Interdisciplinary Approach to Teaching Interdisciplinary teaching is often seen as a way to address some of the recurring problems in education such as fragmentation and isolated skill instruction. It is seen as a way to support goals such as transfer of learning, teaching students to think and reason, as well as, providing a curriculum more relevant to students (Marzano, 1999, Perkins, 1991). This approach to teaching requires planning that looks at the fundamental objectives of a number of curriculum areas. Connecting curriculum in the interdisciplinary approach is an efficient way to help teachers deal with knowledge that grows at exponential rates (Jacobs, 1989). A unit of study that that uses this approach of teaching enables the teachers to teach and make links between disciplines, thereby giving the students a more relevant, less fragmented and stimulating experience.
Case Study #3 Building a Coalition MGMT 591-10559 Leadership & Organizational Behavior Part I: Group Development The group is at the forming stage. Our textbook states the forming stage is characterized by a great deal of uncertainty about the group’s purpose, structure and leadership. Members “test the waters” to determine what types of behaviors are acceptable. After reading over the case study I was torn between the group being at the forming stage or the storming stage. The group does have purpose as they plan to create an after-school program which will improve school performance both by the students and the teachers.
Learning Style Inventory Paper Jennifer Lomibao Teaching and Learning Strategies-HSN540 Mary Dowell PhD, RN, BC March 26, 2012 Learning Style Inventory Paper Learning style refers to the unique way an individual prefers to learn. This reflects an individual’s predisposition to implement a particular learning strategy despite the specific demands of the class. It is worth noting that the learning styles are conventional modes used to process information by individuals. Because individuals have a unique way of perceiving, organizing, and retaining information, it is imperative that educators effectively design and implement teaching methods that enhance learning to these diverse learners (Billings & Halstead, 2009). Studies show that students perform better in the classroom when their learning styles match the instructional methods implemented by their teacher (Farooq & Regnier, 2011).
For as long as I remember, I have been learning for tests. A change in the way children learn in public schools could greatly change society. Most teachers around me are focused on teaching for the test, just enough to get students to pass the test, pass the class, pass the year. If teachers focus less on teaching for a test and more on teaching for life of for a child’s future, the kids would be able to learn and actually retain so much more. A change in the way tests are given could allow for so much more success.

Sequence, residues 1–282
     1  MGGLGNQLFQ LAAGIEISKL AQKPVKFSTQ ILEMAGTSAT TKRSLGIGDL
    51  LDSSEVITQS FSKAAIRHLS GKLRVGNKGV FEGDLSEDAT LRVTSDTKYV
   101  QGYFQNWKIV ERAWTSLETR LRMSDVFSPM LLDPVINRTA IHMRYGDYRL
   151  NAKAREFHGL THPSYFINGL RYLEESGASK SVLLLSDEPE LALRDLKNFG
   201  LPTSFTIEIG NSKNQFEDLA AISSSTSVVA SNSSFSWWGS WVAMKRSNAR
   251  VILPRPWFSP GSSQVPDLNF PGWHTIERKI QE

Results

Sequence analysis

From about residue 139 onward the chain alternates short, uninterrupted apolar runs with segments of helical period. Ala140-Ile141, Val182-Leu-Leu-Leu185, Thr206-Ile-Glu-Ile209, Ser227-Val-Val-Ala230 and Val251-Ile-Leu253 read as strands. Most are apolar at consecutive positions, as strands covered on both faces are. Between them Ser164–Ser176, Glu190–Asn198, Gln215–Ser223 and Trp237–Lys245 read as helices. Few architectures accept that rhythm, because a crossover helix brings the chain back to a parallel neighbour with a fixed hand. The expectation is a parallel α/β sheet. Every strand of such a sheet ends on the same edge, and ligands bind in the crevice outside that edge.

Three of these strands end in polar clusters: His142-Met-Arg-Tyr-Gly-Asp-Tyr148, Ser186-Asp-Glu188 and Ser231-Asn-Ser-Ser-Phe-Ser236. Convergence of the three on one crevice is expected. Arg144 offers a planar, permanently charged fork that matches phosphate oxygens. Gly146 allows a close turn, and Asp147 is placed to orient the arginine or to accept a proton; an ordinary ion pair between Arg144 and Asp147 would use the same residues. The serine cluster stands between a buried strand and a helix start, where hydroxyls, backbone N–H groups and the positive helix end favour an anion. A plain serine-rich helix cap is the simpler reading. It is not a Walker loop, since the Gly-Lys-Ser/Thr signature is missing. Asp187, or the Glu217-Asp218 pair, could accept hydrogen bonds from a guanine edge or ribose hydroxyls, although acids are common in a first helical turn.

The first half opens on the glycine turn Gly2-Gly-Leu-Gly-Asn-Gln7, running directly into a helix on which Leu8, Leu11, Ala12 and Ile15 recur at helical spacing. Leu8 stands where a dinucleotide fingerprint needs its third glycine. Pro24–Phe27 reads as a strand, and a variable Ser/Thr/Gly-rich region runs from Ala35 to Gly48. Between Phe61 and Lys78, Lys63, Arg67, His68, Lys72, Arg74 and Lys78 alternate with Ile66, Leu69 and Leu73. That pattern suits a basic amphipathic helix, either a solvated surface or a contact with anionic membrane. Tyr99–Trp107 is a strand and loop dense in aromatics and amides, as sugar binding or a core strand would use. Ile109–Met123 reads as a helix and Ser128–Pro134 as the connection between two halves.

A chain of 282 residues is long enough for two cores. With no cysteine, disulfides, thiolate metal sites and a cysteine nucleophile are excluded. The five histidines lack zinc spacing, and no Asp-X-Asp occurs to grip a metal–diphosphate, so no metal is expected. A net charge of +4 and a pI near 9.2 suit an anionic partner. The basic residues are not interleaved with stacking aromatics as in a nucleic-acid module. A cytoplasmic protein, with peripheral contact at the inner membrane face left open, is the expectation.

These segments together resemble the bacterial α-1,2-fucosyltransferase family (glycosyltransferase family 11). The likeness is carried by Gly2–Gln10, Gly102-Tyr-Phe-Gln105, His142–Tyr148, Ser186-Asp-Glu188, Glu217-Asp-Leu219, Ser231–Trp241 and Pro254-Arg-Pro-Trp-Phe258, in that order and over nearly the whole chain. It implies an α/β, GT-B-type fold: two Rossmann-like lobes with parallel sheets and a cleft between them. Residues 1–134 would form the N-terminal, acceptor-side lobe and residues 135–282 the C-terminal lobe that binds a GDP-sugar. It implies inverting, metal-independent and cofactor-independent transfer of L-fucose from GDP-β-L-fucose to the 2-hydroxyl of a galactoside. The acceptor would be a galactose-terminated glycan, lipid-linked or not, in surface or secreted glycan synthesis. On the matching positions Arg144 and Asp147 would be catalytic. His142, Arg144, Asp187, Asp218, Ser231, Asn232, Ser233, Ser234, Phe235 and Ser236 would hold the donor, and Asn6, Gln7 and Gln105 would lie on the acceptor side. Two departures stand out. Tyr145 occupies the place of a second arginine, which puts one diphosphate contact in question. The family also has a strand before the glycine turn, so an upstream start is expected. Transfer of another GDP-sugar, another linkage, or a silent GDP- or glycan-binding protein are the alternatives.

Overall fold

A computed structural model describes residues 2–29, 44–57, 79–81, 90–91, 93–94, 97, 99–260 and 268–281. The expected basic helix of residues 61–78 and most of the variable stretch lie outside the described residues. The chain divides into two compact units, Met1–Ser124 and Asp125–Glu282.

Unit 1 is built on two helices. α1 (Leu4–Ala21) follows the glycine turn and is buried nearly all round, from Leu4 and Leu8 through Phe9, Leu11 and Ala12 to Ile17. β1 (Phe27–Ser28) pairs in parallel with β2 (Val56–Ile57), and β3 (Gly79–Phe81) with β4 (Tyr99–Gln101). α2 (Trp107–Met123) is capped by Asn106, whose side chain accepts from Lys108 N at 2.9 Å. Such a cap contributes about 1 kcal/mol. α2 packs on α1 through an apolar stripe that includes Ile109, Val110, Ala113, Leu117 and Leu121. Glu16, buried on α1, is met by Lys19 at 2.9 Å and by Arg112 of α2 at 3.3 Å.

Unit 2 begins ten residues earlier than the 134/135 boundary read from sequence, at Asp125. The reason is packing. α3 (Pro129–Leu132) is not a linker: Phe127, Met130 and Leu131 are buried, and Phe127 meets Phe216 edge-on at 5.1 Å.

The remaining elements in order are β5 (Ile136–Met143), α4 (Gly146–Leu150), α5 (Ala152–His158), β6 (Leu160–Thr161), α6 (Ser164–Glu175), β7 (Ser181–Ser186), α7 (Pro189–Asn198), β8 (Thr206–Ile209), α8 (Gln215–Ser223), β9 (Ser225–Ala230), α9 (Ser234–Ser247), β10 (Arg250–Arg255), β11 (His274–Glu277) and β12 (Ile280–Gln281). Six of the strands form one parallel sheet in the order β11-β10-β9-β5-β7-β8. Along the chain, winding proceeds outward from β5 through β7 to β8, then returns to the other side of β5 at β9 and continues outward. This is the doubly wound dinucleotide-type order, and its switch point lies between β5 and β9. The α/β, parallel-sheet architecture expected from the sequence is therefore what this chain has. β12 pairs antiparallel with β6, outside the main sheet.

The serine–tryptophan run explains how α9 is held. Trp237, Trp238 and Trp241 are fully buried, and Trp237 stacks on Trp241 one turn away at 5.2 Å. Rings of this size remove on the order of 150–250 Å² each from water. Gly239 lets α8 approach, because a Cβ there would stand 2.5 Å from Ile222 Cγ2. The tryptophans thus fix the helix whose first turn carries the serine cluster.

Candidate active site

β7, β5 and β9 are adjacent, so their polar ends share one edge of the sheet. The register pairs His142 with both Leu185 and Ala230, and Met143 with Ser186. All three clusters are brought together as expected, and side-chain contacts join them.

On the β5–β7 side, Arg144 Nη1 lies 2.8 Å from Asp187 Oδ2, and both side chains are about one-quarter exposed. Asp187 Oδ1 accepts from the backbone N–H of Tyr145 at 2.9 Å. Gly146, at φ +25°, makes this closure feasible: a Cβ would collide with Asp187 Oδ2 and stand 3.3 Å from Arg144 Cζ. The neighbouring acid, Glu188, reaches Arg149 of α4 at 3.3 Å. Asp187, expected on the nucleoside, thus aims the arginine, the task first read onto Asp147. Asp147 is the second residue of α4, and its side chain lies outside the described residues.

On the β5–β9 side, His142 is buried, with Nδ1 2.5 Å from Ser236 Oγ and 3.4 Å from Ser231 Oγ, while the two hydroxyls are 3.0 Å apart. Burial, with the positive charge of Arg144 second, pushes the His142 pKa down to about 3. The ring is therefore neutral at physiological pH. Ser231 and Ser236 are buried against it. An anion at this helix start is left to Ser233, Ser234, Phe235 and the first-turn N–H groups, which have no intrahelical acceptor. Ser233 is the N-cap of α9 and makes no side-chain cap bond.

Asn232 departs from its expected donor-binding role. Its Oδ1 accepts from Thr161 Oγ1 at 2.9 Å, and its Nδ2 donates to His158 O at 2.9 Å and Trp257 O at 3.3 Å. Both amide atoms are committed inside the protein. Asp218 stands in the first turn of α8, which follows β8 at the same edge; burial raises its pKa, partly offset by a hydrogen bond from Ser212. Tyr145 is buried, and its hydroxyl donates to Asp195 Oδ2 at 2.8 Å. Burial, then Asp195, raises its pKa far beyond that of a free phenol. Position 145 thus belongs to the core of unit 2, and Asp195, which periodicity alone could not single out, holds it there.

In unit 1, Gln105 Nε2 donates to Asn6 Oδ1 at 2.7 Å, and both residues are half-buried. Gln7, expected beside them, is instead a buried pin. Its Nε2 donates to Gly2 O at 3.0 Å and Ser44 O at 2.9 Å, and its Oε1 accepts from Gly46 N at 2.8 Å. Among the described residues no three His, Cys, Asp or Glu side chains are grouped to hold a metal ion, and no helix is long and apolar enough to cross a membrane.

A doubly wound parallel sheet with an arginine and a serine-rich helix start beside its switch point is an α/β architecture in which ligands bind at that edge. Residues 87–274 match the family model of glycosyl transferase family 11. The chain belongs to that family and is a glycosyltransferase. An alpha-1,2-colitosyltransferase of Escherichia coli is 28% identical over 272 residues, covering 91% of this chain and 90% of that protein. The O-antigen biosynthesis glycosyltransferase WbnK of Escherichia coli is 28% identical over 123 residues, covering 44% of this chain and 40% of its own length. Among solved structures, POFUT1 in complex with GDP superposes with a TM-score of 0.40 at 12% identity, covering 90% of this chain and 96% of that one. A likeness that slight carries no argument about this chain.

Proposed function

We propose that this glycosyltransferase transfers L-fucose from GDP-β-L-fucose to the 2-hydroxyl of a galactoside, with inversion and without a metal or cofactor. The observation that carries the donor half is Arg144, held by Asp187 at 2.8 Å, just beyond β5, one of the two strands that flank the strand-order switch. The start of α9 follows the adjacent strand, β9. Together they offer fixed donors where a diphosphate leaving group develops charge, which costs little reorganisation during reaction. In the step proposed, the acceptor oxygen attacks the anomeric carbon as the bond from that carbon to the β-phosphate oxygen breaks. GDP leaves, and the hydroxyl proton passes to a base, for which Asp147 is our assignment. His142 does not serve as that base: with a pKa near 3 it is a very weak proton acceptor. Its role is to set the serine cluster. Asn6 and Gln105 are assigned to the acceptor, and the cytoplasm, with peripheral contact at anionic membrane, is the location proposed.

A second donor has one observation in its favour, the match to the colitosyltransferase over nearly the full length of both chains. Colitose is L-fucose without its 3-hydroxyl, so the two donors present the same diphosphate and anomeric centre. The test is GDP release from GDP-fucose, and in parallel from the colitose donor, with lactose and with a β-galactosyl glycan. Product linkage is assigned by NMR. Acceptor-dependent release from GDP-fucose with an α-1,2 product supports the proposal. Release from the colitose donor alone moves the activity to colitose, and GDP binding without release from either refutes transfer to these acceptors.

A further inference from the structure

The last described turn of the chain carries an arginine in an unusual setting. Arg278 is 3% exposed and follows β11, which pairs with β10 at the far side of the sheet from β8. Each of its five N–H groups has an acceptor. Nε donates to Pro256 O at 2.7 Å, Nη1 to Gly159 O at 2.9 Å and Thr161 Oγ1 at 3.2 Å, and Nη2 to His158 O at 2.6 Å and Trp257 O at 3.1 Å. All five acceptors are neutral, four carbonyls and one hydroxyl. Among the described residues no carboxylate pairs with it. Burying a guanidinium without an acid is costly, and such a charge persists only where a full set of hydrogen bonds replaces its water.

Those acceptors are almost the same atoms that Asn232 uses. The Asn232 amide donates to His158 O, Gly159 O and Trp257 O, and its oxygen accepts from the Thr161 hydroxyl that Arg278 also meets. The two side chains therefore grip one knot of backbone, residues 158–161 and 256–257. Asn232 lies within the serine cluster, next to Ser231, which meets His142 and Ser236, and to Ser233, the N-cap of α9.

Schema Theory and Cognitive Development: a) Discuss the main implications for teaching and learning b) Use your own detailed example to show an understanding of this topic can positively influence instruction in the classroom “The principle goal of education in the schools should be creating men and women who are capable of doing new things, not simply repeating what other generations have done.” (Jean Piaget) As young children we are active, open receivers for knowledge. Rarely content to simply accept what we learn as ‘gospel’, we ask multitudes of questions. As we become adults, the processes we use to gain this knowledge change and evolve as we learn to challenge, develop and pass it on. As future teachers it is important to understand these processes and how we can use them to enhance our students learning to make them capable of “doing [the] new things” to which Piaget refers. So why do children answer questions so differently to adults?
A laugh or a smile from a teacher may seem like a simple task but it can go a long way. Humor brings enthusiasm, positivity, and optimism into the classroom. Being a student at Clovis West, I agree that teachers who use humor are more approachable and easier to communicate with. When a teacher is easy to talk with, I feel more welcome to ask questions and gain knowledge that way (Anecdote). Humor in a teacher is like revealing a “human” side to a potentially non-human form that we expect in particularly from high school teachers (Opinion/Analogy).
Fifteen different instructional strategies are shared in this article to aid in teaching mental flexibility. This article is definitely relevant to teaching in the 21st century where there is a need for students to have the ability to view things from many perspectives. Change is a given, and this article demonstrates how we must learn to adapt our teaching techniques to help teach our students to be flexible in their thinking. Because there is such diversity in the world today, I believe that it is important for students to think critically and be able to understand the various perspectives of others. I also believe that this article gives educators numerous ideas that are easy to adapt to various teaching situations and will help students develop mental flexibility.